Our regulators are charged with ensuring the safety of an appalling array of invented substances and devices entering the market on a daily basis. These include nanoparticles, GMOs, rare metals, radiation, novel chemicals and all manner of devices.
This presents them with an appalling array of risk-related factors to consider, including exposure (who, when, how much), accidental-, off-label-, illegal-, or malicious-uses, disposal, recall, negative outcomes, diversity of harm, etc. Add to this, the need to monitor and react to any problems arising from new products.
Where the risks involve a machine or device, recall or an update in specifications is usually realistic. Problematic substances can generally be cleaned up or will eventually decompose. GMOs, however, are a whole different ball-game.
Organisms with transformed DNA reproduce themselves. Their artificial DNA can spread, by accident through related populations. If the GMO is a food or feed plant it will end up in people, in livestock, in the soil, in other crops, in insects, in waterways and more. Many current GM crops are self-replicating insecticide factories whose products move up the food chain . Increasingly, GMOs contain DNA copied from viral pathogens whose potential to generate novel disease is unfathomable.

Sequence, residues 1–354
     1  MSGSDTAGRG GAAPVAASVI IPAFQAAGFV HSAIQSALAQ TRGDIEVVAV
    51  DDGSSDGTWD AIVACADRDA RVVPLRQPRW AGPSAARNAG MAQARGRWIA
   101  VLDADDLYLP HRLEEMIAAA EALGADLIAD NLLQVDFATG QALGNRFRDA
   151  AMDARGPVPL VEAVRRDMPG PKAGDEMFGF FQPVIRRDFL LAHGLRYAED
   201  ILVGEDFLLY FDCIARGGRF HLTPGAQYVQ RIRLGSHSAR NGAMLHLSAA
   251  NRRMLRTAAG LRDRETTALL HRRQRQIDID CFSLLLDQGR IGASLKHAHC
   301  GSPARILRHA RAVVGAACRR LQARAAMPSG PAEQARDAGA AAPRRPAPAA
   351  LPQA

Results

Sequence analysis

The regulatory conundrum escalates when presented with gene-driven GMOs [2,3] in which artificial DNA drives itself into an entire plant or animal population. In this case, questions such as exposure (answer: everybody and everything), incorrect use (answer: inevitable), disposal or recall (answer: impossible) and outcomes (answer: infinite) suggest we shouldn't be using gene drives at all.
Jonathan Latham, making "A Scientific Case for a Complete and Perpetual Ban" on gene drives, points out that to test the ecological effects of gene drives, "one would need a planet B".
Due to the sheer scale of the problem, the questions on gene drives that need to be asked and addressed by government regulators will be swept under the carpet "unless citizens actively prod them to do so".
We don't have a planet B. Get prodding.
 BT INSECTICIDE RISKS IN THE AGRICULTURAL LANDSCAPE - April 2017
 GENE DRIVEN INSECTS - April 2016
 GENE DRIVES OR GENE BOMBS? - September 2016
- Jonathan Latham, Gene Drives: A Scientific Case for a Complete and Perpetual Ban, Independent Science News, 13.02.17
Image Creative Commons